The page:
Boys 7-9

Nicknamed “Smoke” by a family friend for his famed distance off the tee, third-grader Conner Ford powered his way to a win during his first time at Augusta National. The Kentucky native won two out of the three skill disciplines en route to the overall title, claiming the drive discipline with a 204-yard drive and the putt discipline with a smooth putting stroke. Mike Thomas, father of 2017 PGA Championship winner Justin Thomas, is a swing coach for Ford. When asked about celebration plans, Ford said, “I guess we’re going to go to a restaurant, take my family and eat.”

Boys 10-11

Making his second consecutive appearance at the Drive, Chip and Putt National Finals, Georgia native Sahish Reddy came prepared and ready to capitalize on his experience from a year ago. After a second-place finish in the drive discipline, a solid score in the chip discipline kept him in contention. On Augusta National’s 18th green, Reddy calmly holed a 30-foot putt to carry him to a one-point victory. When asked about his favorite moment, Reddy said, “Probably making the first 30-foot putt. I am always going to remember that. I worked hard to come here and just putting on that green is such an accomplishment, so I feel great.”

Boys 12-13

As Matthew Vital made his way to the Drive, Chip and Putt awards ceremony, proud father Gus – a Haitian immigrant who introduced his son to golf in hopes the values of the game would make an impact on his life – watched a dream realized. After a strong performance in the drive discipline and a hole-out chip that resulted in a chip discipline win, Vital headed to the 18th green tied for first place with Ryder Cowan of Edmond, Okla. With a perfect read and putting stroke, Vital drained the 30- foot putt, followed by hitting the 15-foot putt 3’ 3” from the hole to secure the win. “I think my chipping was most key because I chipped one in,” said Vital. “Once I chipped in, I was tied for first and then all I had to do was putt.”

Boys 14-15

A four-time Drive, Chip and Putt National Finalist and 2014 Drive, Chip and Putt National Champion (Boys 7-9 division), Treed Huang completed yet another storied finish on the grounds of
Augusta National, winning his second overall title. Huang impressed in all three skill disciplines, most notably in the chip competition, where he hit both chip shots a cumulative distance of 2’ 3”
from the hole – a new all-time division record – to put himself in first place. Huang knocked it to 11” for enough points in the putting skill to become only the second player to win repeat Drive, Chip and Putt titles. “I think I definitely had more experience on the course,” said Huang. “I knew what to do for a couple of shots, and I think I played pretty well and I got the win.”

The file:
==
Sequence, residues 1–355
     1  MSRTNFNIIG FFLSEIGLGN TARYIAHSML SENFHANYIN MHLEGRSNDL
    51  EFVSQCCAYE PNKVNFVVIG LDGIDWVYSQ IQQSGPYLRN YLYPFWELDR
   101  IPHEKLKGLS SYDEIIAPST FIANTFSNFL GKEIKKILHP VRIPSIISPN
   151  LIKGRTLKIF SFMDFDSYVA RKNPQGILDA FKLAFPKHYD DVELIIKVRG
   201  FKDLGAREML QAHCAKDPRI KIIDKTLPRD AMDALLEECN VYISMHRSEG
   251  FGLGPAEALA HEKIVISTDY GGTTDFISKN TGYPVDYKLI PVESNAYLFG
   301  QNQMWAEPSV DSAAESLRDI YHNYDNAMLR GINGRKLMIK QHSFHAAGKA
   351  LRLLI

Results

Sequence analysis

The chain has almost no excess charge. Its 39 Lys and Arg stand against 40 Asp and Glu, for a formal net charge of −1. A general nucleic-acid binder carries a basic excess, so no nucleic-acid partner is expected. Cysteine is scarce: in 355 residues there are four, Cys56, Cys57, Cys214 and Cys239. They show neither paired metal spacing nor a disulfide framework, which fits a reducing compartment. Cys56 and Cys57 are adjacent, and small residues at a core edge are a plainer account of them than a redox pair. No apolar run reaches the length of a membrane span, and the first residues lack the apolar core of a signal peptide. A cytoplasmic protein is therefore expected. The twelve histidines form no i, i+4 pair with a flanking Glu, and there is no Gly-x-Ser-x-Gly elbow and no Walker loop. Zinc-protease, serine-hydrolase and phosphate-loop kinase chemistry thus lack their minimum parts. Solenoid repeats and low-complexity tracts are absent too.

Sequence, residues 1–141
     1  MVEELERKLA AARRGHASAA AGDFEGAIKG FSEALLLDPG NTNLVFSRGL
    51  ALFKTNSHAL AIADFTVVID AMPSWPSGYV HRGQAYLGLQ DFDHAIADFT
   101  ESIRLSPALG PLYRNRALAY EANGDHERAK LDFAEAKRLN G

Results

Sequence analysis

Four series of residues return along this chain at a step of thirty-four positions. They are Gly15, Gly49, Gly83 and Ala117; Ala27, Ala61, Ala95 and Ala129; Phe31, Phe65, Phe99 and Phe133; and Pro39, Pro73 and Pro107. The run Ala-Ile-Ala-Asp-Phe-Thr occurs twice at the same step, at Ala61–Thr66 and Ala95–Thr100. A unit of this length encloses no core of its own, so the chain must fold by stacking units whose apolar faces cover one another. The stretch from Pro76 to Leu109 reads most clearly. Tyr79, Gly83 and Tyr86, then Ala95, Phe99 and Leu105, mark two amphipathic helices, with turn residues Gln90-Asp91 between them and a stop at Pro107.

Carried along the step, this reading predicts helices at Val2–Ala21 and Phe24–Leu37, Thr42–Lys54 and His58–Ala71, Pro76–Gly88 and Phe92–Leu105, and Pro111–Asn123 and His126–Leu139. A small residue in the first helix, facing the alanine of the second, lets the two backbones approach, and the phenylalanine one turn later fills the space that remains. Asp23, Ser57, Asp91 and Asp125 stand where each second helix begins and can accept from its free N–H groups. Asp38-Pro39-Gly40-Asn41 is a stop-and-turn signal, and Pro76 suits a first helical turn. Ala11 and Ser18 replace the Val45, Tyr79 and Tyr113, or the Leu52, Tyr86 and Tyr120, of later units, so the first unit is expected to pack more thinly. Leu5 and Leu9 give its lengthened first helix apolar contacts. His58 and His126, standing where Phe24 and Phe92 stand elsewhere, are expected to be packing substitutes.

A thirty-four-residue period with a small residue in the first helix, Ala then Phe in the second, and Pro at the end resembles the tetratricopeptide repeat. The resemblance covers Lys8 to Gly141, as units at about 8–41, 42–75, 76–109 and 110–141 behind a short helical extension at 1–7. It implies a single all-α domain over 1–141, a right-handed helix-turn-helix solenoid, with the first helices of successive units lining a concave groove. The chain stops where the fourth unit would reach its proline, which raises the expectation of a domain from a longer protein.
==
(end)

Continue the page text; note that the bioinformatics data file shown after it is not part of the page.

The seventh Drive, Chip and Putt begins this May with more than 300 free local qualifiers across the country.

Registration is now open on drivechipandputt.com.

About Drive, Chip and Putt

A joint initiative founded in 2013 by the Masters Tournament, USGA and the PGA of America, Drive, Chip and Putt is a free, nationwide junior golf development competition aimed at growing the game by focusing on the three fundamental skills employed in golf. By tapping the creative and competitive spirit of girls and boys ages 7-15, Drive, Chip and Putt provides aspiring junior golfers an opportunity to play with their peers in qualifiers around the country. Participants who advance through local, subregional and regional qualifying in each age/gender category earn a place in the National Finals, which is conducted at Augusta National Golf Club the Sunday before the Masters Tournament and broadcast live by Golf Channel. For more information, please visit: www.DriveChipandPutt.com.

About the Masters Tournament

The Masters Tournament Foundation, inspired by the enduring philosophies of Masters Tournament founders Bobby Jones and Clifford Roberts, is committed to promoting golf’s domestic and international development through financial investment and active participation in initiatives aimed at preserving the traditions of the game and sharing its many virtues.
The Masters Tournament – since its very beginning – strives to provide added exposure to the game of golf and inspire interest in the sport worldwide. For more information about the Masters, visit masters.com.

About the USGA

The USGA celebrates, serves and advances the game of golf. Founded in 1894, we conduct many of golf’s premier professional and amateur championships, including the U.S. Open and U.S. Women’s Open. With The R&A, we govern the sport via a global set of playing, equipment and amateur status rules. Our operating jurisdiction for these governance functions is the United States, its territories and Mexico. The USGA Handicap System is utilized in more than 40 countries and our Course Rating System covers 95 percent of the world’s golf courses, enabling all golfers to play on an equitable basis. The USGA campus in Liberty Corner, New Jersey, is home to the Association’s Research and Test Center, where science and innovation are fueling a healthy and sustainable game for the future. The campus is also home to the USGA Golf Museum, where we honor the game by curating the world’s most comprehensive archive of golf artifacts. To learn more, visit usga.org.

About the PGA of America

The PGA of America is one of the world’s largest sports organizations, composed of PGA Professionals who daily work to grow interest and participation in the game of golf. For more information about the PGA of America, visit PGA.org, follow @PGA on Twitter and find us on Facebook.